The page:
Words of Radiance: The Stormlight Archive, Book 2 Audible Audiobook – Unabridged
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From number one New York Times best-selling author Brandon Sanderson, Words of Radiance, audiobook two of the Stormlight Archive, continues the immersive fantasy epic that The Way of Kings began.
Expected by his enemies to die the miserable death of a military slave, Kaladin survived to be given command of the royal bodyguards, a controversial first for a low-status "darkeyes". Now he must protect the king and Dalinar from every common peril as well as the distinctly uncommon threat of the Assassin, all while secretly struggling to master remarkable new powers that are somehow linked to his honorspren, Syl.
The Assassin, Szeth, is active again, murdering rulers all over the world of Roshar, using his baffling powers to thwart every bodyguard and elude all pursuers. Among his prime targets is Highprince Dalinar, widely considered the power behind the Alethi throne. His leading role in the war would seem reason enough, but the Assassin’s master has much deeper motives.
Brilliant but troubled Shallan strives along a parallel path. Despite being broken in ways she refuses to acknowledge, she bears a terrible burden: to somehow prevent the return of the legendary Voidbringers and the civilization-ending Desolation that will follow. The secrets she needs can be found at the Shattered Plains, but just arriving there proves more difficult than she could have imagined.
Meanwhile, at the heart of the Shattered Plains, the Parshendi are making an epochal decision. Hard pressed by years of Alethi attacks, their numbers ever shrinking, they are convinced by their war leader, Eshonai, to risk everything on a desperate gamble with the very supernatural forces they once fled. The possible consequences for Parshendi and humans alike, indeed, for Roshar itself, are as dangerous as they are incalculable.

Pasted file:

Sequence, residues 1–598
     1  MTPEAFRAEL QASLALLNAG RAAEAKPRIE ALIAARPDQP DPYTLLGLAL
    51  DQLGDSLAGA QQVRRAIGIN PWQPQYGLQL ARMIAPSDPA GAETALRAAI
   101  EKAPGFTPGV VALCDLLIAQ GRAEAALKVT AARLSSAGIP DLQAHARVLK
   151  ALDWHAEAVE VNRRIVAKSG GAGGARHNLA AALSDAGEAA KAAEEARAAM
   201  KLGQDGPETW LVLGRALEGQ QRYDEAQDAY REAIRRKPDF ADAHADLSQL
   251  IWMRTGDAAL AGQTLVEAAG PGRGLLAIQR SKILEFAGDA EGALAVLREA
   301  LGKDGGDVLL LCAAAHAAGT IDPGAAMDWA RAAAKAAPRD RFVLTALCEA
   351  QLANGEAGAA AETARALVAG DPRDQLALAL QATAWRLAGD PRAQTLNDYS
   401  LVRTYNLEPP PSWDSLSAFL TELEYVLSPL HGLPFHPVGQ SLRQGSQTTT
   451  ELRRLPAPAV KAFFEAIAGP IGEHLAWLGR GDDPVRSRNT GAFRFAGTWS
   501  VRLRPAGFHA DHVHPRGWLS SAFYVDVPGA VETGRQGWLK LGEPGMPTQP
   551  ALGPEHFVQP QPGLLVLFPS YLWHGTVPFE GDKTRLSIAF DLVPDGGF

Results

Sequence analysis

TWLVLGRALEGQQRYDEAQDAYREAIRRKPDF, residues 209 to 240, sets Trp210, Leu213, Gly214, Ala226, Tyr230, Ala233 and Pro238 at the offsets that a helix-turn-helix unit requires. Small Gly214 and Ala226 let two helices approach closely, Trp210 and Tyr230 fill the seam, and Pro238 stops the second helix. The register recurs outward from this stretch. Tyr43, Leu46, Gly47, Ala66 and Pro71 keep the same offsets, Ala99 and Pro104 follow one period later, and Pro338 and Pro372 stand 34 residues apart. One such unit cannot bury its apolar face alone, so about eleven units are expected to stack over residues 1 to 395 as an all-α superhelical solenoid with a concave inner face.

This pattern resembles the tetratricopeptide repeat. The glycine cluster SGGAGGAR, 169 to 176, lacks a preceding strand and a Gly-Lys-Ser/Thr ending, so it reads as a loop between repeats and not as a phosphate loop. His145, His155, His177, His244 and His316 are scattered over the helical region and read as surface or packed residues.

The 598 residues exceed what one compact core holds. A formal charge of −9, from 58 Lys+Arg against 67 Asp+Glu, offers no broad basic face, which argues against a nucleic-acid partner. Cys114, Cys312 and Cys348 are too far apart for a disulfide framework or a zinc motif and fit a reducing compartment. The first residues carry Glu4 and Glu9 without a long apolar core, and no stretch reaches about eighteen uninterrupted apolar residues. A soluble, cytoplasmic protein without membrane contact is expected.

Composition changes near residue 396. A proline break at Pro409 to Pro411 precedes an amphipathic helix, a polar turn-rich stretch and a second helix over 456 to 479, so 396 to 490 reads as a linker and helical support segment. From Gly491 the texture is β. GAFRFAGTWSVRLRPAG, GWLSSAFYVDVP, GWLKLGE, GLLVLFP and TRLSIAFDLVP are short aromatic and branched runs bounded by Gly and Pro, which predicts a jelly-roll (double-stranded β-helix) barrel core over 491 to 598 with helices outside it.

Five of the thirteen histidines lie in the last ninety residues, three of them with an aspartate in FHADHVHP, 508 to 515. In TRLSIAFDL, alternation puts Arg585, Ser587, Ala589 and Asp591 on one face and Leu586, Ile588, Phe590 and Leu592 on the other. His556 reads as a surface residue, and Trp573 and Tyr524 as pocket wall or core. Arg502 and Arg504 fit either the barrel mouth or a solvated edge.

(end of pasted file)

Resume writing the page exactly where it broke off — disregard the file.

Other Tor books by Brandon Sanderson:
- The Cosmere
- The Stormlight Archive
- The Way of Kings
- Words of Radiance
- Edgedancer (Novella)
The Mistborn trilogy:
- Mistborn: The Final Empire
- The Well of Ascension
- The Hero of Ages
Mistborn: The Wax and Wayne series:
- Alloy of Law
- Shadows of Self
- Bands of Mourning
- Arcanum Unbounded
Other Cosmere novels:
The Alcatraz vs. the Evil Librarians series:
- Alcatraz vs. the Evil Librarians
- The Scrivener's Bones
- The Knights of Crystallia
- The Shattered Lens
- The Dark Talent
The Rithmatist series:
- The Rithmatist
Other books by Brandon Sanderson:
- The Reckoners
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|Listening Length||48 hours and 13 minutes|